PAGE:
Human Rights Aren’t a Political Agenda. Why Don’t Public Schools See It That Way?
When Colin Kaepernick began kneeling for the National Anthem, a teacher friend of mine felt compelled to offer her support, so she started kneeling during the Pledge of Allegiance. Many of her students thanked her after class, saying her silent protest made them feel heard and understood.
And then came the backlash. Some parents complained that her statement was “liberal” and “too politically charged.” They contacted the administrators who responded by sending her a strongly worded email demanding that she stop kneeling. She didn’t have to say the Pledge of Allegiance, but she should probably stand and mouth the words. She certainly couldn’t kneel. She was a Spanish teacher, you see; the Black Lives Matter movement had nothing to do with foreign language.
I understood what she was going through because I had experienced a similar issue in my classroom. I was asked by some parents and students to remove a LGBTQ+ pride flag that hung on my wall. I can recall all the points of the various arguments: being gay was a choice; not identifying with your sex at birth was “weird” and” immoral;” it was either the gay flag or Christianity. Which community was I going to support? Whose side was I on?
Fortunately, I was never asked by my administrators to remove the flag. Some just wondered aloud if maybe it was a “bit big” or too prominently displayed. Why was it larger than the tiny, tattered American flag that came with the classroom?
Black Lives Matter and LGBTQ+ are not the same issue, but I can’t help but see the similarity in our situations. We both stood up for what is unquestionably right and the response was that we were being too political. Because in education, you have to make sure everyone’s opinions are represented. Educators must respect the political, religious and cultural beliefs of a diverse clientele.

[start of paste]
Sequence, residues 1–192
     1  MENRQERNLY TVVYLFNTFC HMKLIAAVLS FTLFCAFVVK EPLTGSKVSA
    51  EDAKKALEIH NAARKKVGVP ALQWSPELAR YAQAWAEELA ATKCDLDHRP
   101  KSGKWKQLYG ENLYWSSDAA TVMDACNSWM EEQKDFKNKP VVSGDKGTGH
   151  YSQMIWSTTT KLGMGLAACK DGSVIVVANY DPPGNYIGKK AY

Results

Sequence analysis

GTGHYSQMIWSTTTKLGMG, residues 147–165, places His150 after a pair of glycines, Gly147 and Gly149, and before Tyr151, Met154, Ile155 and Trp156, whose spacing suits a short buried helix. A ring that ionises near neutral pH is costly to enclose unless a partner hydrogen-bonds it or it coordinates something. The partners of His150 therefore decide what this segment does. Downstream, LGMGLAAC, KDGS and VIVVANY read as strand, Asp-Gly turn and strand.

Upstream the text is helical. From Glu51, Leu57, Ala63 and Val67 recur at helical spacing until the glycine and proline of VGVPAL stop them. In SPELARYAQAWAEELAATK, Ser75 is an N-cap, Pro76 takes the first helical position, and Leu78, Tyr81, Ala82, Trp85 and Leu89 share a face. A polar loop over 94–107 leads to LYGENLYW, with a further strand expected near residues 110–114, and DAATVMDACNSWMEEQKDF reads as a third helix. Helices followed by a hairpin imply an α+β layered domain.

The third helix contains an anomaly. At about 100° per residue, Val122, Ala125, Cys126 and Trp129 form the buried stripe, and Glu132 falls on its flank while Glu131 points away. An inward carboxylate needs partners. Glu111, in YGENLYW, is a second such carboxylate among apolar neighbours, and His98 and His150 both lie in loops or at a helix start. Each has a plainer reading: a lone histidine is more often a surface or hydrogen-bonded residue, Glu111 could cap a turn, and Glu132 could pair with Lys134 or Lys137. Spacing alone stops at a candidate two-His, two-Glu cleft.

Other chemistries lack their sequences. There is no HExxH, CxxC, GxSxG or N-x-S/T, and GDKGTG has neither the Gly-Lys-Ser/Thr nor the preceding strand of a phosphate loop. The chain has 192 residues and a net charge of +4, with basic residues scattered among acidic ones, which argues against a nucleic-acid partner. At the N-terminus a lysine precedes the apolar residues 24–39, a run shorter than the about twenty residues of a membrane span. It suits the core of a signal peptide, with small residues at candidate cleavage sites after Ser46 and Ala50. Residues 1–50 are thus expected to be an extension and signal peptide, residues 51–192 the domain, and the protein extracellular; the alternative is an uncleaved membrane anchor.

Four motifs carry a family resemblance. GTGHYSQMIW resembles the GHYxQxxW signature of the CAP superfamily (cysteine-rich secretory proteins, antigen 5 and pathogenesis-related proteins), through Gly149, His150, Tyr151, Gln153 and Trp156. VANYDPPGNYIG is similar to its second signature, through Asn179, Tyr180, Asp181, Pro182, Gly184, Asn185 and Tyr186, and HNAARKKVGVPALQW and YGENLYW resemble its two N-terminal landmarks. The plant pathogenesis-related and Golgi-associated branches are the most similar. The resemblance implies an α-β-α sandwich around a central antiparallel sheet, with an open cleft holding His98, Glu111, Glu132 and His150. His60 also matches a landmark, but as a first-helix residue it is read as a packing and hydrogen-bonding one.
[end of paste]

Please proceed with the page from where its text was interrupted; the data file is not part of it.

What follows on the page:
For the most part, I understand this tacit rule. Educators need to be sure we aren’t using our own privilege and power to influence minors to think exactly as we do. We aren’t infallible, and we definitely aren’t always right.
Sometimes it’s difficult to stay silent; by the end of the last election, my tongue was permanently bloodied from how much I had to bite it. But most times allowing students to find their own truth is so much more rewarding than choosing it for them, like when my AP Language class used ethical philosophy to defend an opinion on border control.
But what happens when we’re expected to remain silent when a student is clearly wrong? When the world is clearly wrong?
I think about how teachers must have been instructed to handle the issue of school desegregation after Brown v. Board of Education. Were they told to respect the feelings of the racist students and parents who protested the ruling?
Teachers are supposed to teach the nation’s children, and our lessons extend far beyond academics. We teach teamwork, social-emotional skills, ethics and morality.
As long as it’s not political.
Education started being political when we decided that the voices of the intolerant were equal to the voices of those who spoke out for justice and equality. Which, if history is any proof, has been always.
And this is education’s greatest mistake.
When it comes to civil rights, equal rights, gender rights—basic human decency—there is no debate. Sometimes beliefs, values and opinions are wrong. Sometimes people are wrong. Racism is wrong. Xenophobia is wrong. Sexism is wrong. Homophobia is wrong. Transphobia is wrong. Police brutality is wrong.
And if we don’t allow educators to teach those lessons, if we silence the voices that speak for human decency by deeming it a political agenda, then how do we expect our world to ever change?